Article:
SpaceX Dragon splashes down in Pacific after departing ISS
Published Tuesday, March 26, 2013 8:06AM EDT
Last Updated Tuesday, March 26, 2013 2:21PM EDT
The SpaceX Dragon capsule has successfully splashed down in the Pacific Ocean after pulling out of orbit and passing through the Earth's atmosphere Tuesday.
The unmanned commercial supply ship was unberthed from the International Space Station by Canadarm2 at 4:10 a.m. ET, and released at 6:56 a.m. In images recorded by NASA cameras, the capsule could be seen slowly disappearing into the darkness as it moved away from the ISS.
A few hours later it fired up its engines for a final deorbit burn.
The Dragon capsule is carrying a precious cargo of science experiments conducted by astronauts in recent months.
"SPLASHDOWN! At 9:34am PT, #Dragon splashed down safely in the Pacific. Welcome home!" said a tweet posed by @NASA.
NASA said on its website a team of scientists, technicians, and divers are expected to take approximately 30 hours to locate, collect and return the capsule to shore from its landing point near Baja, Calif.
The capsule, which is owned and operated by California-based SpaceX, carried 575 kg of equipment and supplies when it travelled to the ISS on March 3. It returns home with a heavier load -- 1,210 kg of materials from science experiments conducted in space.
In addition to the science materials sent to space on Dragon, the capsule also carried fresh fruit, peanut butter, letters from friends and family and new clothes.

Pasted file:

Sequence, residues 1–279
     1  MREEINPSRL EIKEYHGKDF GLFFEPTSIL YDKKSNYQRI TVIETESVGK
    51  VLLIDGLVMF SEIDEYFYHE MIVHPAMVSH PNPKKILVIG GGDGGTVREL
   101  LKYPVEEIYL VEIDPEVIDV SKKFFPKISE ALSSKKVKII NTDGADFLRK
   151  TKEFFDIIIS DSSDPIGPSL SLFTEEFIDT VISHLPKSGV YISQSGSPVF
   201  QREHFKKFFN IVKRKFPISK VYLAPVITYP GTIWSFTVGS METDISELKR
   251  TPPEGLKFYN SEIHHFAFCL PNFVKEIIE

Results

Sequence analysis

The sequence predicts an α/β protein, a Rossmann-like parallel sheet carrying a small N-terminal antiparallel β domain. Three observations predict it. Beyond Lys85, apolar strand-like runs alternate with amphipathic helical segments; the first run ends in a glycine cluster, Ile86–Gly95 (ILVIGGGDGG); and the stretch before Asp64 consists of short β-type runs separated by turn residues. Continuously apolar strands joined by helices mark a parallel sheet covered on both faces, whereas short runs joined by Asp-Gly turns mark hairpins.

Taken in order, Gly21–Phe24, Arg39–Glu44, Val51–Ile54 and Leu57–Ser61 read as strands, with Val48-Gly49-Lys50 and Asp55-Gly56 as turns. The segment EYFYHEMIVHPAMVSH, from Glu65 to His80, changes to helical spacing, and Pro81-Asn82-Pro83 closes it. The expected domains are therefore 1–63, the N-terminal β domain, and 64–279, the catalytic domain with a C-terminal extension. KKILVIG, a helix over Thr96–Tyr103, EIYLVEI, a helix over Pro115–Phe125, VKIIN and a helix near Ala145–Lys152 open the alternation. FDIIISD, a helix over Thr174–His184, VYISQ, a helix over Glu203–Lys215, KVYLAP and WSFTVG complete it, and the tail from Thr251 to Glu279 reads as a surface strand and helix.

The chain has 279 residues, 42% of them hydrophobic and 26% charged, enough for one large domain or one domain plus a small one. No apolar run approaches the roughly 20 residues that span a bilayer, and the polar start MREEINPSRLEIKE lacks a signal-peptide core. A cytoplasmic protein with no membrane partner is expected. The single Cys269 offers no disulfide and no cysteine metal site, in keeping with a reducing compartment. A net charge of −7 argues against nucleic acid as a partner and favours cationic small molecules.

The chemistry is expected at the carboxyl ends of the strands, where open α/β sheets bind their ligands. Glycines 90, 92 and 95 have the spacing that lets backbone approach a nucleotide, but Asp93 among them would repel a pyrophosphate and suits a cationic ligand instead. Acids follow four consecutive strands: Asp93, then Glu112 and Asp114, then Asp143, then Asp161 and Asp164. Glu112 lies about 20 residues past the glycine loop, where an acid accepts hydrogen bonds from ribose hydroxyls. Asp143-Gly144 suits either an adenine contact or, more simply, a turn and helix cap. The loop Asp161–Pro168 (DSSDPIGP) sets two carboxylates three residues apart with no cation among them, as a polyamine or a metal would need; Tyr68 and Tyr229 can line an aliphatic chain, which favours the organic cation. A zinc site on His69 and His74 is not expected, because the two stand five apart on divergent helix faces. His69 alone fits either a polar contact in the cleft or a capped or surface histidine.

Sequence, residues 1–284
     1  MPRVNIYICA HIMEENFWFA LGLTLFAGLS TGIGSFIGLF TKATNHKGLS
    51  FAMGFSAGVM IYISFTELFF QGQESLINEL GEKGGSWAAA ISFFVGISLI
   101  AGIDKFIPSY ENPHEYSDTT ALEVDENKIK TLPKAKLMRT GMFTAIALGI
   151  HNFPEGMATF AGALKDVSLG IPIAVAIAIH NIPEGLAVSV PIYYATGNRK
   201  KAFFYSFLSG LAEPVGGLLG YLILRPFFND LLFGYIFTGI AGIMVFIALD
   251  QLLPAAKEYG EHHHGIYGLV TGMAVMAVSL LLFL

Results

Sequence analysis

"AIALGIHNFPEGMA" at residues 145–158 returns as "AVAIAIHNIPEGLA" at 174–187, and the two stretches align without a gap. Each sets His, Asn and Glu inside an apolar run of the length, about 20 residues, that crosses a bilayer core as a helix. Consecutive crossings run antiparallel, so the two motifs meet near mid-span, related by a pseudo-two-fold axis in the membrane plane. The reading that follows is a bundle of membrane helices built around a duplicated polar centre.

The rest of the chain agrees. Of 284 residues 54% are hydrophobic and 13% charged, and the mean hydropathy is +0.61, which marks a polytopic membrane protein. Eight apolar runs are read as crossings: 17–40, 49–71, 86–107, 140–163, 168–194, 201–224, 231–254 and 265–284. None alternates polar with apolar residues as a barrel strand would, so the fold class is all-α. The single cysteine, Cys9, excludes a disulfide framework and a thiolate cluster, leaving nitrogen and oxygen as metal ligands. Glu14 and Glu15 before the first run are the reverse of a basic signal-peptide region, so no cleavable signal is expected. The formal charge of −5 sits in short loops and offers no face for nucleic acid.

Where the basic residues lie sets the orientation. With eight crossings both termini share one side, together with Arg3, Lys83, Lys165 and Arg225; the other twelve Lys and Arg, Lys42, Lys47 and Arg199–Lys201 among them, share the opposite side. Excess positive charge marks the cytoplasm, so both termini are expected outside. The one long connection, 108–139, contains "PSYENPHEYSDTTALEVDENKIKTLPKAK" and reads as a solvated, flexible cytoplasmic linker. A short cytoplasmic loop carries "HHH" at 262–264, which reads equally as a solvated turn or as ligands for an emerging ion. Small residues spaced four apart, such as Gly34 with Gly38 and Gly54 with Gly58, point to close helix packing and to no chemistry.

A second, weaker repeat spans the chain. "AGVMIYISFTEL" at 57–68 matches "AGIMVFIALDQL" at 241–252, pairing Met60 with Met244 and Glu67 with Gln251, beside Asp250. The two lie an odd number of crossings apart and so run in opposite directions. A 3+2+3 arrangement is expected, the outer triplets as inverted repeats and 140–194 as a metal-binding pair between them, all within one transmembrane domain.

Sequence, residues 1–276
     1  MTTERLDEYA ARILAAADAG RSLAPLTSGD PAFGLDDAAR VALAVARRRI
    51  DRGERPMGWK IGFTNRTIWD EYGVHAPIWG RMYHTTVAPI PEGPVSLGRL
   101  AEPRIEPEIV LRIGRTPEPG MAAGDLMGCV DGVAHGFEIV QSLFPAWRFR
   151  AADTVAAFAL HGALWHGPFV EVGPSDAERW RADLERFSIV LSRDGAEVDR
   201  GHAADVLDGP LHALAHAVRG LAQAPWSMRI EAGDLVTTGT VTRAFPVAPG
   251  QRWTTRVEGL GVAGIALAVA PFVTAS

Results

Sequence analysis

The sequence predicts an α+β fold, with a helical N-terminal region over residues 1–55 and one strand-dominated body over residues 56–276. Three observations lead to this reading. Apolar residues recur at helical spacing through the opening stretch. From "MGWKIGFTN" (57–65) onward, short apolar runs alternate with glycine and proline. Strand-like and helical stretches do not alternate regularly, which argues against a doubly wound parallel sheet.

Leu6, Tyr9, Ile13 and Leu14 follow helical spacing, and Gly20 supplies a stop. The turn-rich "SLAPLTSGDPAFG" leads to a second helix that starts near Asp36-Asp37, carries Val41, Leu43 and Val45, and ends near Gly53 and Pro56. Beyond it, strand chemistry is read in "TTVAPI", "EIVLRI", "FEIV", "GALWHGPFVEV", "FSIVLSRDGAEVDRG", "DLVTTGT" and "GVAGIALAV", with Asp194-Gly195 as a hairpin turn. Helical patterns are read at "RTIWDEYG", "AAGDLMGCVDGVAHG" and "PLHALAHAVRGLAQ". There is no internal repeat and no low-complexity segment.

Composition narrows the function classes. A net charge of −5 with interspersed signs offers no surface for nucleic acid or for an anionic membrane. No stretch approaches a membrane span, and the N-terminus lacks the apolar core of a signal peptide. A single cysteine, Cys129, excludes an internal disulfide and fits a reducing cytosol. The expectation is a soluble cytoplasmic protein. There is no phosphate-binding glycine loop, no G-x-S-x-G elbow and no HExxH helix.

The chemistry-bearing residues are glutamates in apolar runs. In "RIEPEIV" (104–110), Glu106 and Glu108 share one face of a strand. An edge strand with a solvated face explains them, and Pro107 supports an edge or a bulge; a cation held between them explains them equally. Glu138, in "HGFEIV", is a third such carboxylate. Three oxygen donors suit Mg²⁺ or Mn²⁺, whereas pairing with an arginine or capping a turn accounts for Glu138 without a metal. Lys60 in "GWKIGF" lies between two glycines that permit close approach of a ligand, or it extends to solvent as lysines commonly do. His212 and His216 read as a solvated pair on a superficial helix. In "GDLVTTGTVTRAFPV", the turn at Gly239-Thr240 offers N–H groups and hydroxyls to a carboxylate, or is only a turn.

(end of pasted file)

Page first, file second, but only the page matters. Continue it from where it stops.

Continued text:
Canadian Chris Hadfield, who is currently in command of the ISS, displayed one of the fresh apples in a photo he tweeted from space shortly after Dragon arrived. He attached Velcro to the apple, joking that it allowed him to set it down between bites, without having to chase it around in the zero-gravity environment.
The Dragon capsule was originally scheduled to return to Earth on Monday, but was delayed by bad weather.
SpaceX has a billion-dollar contract with NASA to perform supply runs to the massive International Space Station. In total 12 commercial supply runs are planned.
On Thursday, three new crew members will board a Soyuz rocket and travel to the ISS to join Hadfield's crew. Chris Cassidy, an American, and Russians Pavel Vinogradov and Alexander Misurkin will be making the trip.
Vinogradov will be taking over command from Hadfield in May when the current crew heads home.